C parameter to some functions in this module)
is C<1 - nsigma_to_alpha($nsigma)>.
=head2 alpha_to_nsigma($alpha)
Inverse of C.
=head2 mean(ARRAYREF)
Calculates the mean of a sample.
=head2 median(ARRAYREF)
Calculates the median (second quartile)
of a sample. Works in linear time thanks
to using a selection instead of a sort.
Unfortunately, the way
this is implemented, the median of an even number of parameters
is, here, defined as the Cth largest number and not
the average of the Cth and the Cth number. This shouldn't
matter for nontrivial sample sizes!
=head2 median_absolute_deviation(ARRAYREF)
Calculates the median absolute deviation (MAD) in what I believe is O(n).
Take care to rescale the MAD before using it in place of a standard deviation.
=head2 first_quartile(ARRAYREF)
Calculates the first quartile of the sample.
=head2 third_quartile(ARRAYREF)
Calculates the third quartile of the sample.
=head2 select_kth(ARRAYREF, K)
Selects the kth smallest element from the sample.
This is the general function that implements the median/quartile
calculation. You get the median with this definition of K:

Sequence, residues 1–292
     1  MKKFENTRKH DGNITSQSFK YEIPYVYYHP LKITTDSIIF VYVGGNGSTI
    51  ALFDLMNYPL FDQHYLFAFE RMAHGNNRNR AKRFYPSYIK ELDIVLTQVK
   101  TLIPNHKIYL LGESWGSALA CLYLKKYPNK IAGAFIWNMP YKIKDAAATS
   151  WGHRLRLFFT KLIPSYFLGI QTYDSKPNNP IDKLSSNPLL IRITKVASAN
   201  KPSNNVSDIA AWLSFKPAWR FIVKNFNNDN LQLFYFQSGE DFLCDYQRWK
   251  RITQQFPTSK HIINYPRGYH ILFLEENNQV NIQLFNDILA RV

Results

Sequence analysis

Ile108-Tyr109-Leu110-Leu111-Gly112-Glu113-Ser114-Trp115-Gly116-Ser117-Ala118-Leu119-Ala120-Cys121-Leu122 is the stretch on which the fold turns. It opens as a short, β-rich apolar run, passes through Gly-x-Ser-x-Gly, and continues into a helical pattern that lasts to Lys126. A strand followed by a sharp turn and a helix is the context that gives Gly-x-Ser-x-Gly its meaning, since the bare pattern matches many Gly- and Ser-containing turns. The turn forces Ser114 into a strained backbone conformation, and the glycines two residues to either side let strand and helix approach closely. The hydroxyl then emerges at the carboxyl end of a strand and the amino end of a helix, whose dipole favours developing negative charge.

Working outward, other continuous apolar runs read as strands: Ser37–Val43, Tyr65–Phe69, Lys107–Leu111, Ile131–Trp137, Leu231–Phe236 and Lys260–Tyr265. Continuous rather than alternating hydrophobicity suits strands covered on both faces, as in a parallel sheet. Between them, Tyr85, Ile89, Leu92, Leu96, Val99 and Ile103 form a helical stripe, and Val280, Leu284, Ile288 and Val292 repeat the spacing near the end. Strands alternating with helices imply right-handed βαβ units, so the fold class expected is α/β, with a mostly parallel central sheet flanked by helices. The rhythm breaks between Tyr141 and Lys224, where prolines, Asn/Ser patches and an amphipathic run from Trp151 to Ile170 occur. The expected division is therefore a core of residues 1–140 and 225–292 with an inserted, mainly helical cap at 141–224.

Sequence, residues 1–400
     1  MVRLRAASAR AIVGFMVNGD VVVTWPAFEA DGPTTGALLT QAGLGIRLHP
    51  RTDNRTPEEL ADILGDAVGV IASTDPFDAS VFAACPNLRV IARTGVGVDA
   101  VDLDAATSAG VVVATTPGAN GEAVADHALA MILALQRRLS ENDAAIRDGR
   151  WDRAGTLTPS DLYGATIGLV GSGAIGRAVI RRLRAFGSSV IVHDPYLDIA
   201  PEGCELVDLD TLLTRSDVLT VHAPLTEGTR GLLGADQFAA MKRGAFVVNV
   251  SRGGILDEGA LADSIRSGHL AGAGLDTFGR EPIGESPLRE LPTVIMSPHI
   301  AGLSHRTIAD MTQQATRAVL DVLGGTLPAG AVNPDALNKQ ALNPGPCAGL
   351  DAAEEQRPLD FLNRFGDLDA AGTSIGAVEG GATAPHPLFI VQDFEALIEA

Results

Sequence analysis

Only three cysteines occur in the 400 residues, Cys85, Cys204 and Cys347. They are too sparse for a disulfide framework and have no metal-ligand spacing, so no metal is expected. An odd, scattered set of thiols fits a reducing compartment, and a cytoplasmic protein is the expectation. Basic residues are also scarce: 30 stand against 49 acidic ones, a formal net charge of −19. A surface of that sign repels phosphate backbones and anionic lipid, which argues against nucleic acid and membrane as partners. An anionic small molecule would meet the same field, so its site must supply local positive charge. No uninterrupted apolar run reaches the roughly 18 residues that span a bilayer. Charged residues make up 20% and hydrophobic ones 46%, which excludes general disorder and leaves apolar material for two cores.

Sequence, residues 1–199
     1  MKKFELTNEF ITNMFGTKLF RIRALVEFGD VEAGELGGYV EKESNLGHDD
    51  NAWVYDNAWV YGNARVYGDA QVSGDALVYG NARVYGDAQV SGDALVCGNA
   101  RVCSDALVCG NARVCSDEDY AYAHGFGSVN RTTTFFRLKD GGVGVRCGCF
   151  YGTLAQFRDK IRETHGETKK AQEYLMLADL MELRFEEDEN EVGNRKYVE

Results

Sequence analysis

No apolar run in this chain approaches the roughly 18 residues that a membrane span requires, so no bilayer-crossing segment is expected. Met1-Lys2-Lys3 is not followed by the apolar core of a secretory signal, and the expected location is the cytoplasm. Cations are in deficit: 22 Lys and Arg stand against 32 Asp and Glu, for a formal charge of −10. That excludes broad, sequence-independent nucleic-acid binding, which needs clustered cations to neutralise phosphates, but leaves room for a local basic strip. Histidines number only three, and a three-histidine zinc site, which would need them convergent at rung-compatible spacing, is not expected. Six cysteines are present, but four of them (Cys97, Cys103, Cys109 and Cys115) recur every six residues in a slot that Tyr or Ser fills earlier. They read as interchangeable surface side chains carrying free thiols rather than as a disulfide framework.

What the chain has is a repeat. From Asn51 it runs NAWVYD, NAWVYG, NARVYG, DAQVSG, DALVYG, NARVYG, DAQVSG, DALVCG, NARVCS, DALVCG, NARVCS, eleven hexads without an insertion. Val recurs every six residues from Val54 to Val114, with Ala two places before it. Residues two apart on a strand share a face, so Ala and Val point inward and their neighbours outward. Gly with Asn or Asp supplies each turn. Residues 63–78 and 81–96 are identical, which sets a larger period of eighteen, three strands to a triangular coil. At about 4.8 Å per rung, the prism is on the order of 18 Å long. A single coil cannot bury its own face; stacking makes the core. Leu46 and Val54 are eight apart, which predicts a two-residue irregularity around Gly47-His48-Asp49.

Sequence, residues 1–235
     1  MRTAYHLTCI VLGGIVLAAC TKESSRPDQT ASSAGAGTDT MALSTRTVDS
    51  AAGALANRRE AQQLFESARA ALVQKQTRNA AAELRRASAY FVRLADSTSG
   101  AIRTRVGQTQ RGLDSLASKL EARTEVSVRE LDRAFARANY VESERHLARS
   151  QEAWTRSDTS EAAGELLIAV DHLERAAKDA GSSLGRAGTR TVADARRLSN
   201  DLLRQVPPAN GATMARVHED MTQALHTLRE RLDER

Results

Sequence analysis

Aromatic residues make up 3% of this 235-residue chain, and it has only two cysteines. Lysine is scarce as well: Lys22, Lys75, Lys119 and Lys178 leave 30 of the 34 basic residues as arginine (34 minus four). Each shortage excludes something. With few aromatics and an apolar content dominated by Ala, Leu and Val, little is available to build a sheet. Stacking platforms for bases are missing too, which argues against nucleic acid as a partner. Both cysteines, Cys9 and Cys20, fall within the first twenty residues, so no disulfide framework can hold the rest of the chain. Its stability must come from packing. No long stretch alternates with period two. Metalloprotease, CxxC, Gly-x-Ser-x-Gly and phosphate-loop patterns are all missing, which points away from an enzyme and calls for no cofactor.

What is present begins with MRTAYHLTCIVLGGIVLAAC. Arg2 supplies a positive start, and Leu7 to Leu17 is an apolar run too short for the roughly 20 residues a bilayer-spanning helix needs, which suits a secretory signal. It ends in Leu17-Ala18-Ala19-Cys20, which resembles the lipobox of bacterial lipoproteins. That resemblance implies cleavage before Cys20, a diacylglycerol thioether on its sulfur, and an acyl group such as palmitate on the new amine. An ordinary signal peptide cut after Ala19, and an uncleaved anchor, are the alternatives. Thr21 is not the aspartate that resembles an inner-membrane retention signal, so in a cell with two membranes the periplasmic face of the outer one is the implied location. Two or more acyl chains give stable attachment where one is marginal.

my $k = int(@$sample/2) + (@$sample & 1);
my $median = select_kth($sample, $k);
=head2 sample_standard_deviation
Given the sample mean and an anonymous array of numbers (the sample),
calculates the sample standard deviation.
=head2 population_standard_deviation
Same as sample_standard_deviation, but without the correction to C.
=head1 TODO
One could calculate more statistics in C for performance.
=head1 SEE ALSO
L
On the approximation of the error function:
Winitzki, Sergei (6 February 2008).
"A handy approximation for the error function and its inverse" (PDF).
http://homepages.physik.uni-muenchen.de/~Winitzki/erf-approx.pdf
The ~O(n) median implementation is based on C.A.R. Hoare's quickselect
algorithm. See
L.
Right now, it does not implement the Median of Medians algorithm that would
guarantee linearity.
=head1 AUTHOR
Steffen Mueller, Esmueller@cpan.orgE
Daniel Dragan, Ebulk88@hotmail.comE, who supplied MSVC compatibility
patches.
=head1 COPYRIGHT AND LICENSE
Copyright (C) 2010, 2011, 2012, 2013 by Steffen Mueller
This library is free software; you can redistribute it and/or modify
it under the same terms as Perl itself, either Perl version 5.8.0 or,
at your option, any later version of Perl 5 you may have available.
=cut